When a relational database company says they support JSON, what they really mean is that you can put a JSON document into a column that is specified to accept JSON documents. The same goes for relational databases that claim to support XML.

Putting a JSON document into a column in a relational database doesn’t make it a document database. With that approach, the JSON is just a blob and the document model is stripped of its value. The document is not fully indexed and it cannot be searched, updated, or enriched in the same way it would be in a true document database. You lose all the richness and flexibility that made the document model desirable in the first place. You lose the value of the relational database too—no table and column statistics, no indexing features and scan types, and you are limited to only very simple operations.

If a relational database could store JSON or XML data in the same way as a document database, MarkLogic, MongoDB, and Couchbase probably wouldn’t be around. Oracle probably wouldn’t have acquired the company Sleepycat to get BerkeleyDB and develop their own Oracle NoSQL database, IBM wouldn’t have acquired Cloudant (i.e. CouchDB document database), and Microsoft wouldn’t have developed DocumentDB.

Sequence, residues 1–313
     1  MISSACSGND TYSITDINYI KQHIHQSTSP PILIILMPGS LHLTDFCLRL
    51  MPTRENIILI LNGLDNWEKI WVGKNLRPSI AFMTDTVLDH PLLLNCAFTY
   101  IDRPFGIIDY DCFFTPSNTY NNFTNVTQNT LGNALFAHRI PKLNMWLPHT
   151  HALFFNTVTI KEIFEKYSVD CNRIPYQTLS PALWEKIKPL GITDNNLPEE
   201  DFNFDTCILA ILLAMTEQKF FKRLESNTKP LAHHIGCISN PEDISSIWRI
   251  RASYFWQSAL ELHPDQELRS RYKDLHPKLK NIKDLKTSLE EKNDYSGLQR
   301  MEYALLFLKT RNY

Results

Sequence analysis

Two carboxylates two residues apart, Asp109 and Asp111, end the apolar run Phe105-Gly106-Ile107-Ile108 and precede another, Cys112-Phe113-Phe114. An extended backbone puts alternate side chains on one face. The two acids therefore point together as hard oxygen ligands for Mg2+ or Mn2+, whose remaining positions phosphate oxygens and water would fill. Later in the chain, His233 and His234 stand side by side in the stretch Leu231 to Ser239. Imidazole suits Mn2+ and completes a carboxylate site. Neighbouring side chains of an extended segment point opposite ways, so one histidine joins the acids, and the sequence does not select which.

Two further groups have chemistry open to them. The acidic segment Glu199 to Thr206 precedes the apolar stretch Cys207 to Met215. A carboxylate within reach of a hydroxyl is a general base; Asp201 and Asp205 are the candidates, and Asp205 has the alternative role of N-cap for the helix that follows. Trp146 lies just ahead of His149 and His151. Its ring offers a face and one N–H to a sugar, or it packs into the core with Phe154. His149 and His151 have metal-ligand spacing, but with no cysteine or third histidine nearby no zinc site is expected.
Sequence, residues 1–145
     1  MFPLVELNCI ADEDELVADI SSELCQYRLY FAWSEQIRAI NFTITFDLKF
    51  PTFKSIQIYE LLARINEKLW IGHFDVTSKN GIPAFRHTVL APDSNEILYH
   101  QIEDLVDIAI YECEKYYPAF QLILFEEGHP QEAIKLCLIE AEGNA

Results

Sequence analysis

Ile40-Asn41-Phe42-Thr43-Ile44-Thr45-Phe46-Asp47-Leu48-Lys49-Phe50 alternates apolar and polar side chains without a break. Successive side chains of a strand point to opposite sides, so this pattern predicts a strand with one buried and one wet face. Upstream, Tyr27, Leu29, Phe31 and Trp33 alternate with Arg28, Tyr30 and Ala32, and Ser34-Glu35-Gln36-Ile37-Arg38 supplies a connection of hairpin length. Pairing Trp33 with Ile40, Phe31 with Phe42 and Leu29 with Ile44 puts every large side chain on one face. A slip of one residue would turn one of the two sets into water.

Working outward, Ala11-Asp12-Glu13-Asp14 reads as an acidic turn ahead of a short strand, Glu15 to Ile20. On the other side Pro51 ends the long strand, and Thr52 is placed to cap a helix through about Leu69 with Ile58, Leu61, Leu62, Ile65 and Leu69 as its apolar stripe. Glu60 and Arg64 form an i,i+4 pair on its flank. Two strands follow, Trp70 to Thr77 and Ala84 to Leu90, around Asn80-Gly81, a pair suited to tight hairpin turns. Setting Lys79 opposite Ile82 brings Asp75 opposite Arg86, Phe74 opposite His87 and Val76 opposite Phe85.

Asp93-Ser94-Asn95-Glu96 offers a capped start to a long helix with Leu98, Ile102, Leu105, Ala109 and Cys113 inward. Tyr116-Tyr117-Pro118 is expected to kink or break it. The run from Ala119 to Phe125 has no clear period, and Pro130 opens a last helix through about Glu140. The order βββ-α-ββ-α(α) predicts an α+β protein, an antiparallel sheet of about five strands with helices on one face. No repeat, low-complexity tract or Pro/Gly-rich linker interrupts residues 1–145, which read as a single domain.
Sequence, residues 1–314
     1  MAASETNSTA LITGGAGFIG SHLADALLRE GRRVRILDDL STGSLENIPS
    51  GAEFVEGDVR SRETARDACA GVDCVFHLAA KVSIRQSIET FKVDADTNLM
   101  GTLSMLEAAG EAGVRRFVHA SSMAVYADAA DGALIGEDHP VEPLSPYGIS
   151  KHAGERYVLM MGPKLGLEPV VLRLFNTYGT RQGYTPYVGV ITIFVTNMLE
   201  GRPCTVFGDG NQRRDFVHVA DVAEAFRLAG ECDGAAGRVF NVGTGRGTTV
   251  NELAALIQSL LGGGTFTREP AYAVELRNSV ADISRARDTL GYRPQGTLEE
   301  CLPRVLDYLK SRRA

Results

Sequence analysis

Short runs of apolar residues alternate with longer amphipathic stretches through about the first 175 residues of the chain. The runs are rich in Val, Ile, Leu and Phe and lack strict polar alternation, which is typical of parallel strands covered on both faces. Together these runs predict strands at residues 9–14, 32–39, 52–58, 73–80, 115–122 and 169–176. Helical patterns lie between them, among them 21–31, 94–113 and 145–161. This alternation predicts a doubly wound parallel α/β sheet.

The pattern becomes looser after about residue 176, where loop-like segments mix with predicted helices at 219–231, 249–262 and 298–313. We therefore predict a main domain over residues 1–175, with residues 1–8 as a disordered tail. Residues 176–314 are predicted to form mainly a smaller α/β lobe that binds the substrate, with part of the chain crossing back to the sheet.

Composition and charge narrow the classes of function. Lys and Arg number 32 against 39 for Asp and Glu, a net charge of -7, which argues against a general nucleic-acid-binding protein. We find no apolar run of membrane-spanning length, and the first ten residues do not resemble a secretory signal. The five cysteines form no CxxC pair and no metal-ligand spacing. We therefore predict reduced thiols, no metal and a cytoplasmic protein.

“multi

So what about relational databases that have graph support for RDF triples? A relational database seems like a great tool for storing the simple structure of RDF—you would just use columns for the subject, predicate, and object. Unfortunately, this would mean hundreds of recursive joins for triple queries. Just imagine the ugly performance of a single table that contains billions of rows where every update is executed on that table and its three indexes. Again, there’s a reason that Oracle has a separate triple index that is licensed as a separate product.

For these reasons, it’s accurate to say that relational databases really are not really designed to store all of your data. Yes, you may be able to stuff it all in there with enough time and money, but in practice that usually doesn’t happen. It’s much easier and better to pick a tool that’s built to store different types of data. That idea is now encapsulated in the idea of polyglot persistence and is what has led to the growing adoption of multi-model databases that is now happening.

In my earlier post, I made the point that relational databases are not designed for scale. There’s no shortage of other analysts and users that make the same point. A former Oracle DBA, Robert Schumacher, summed it up nicely in a talk he gave at a financial analyst conference in 2015:

It’s not that relational databases cannot scale. It’s just that they were not originally designed to scale and despite the many improvements, relational databases are still ill-suited for massive scaling.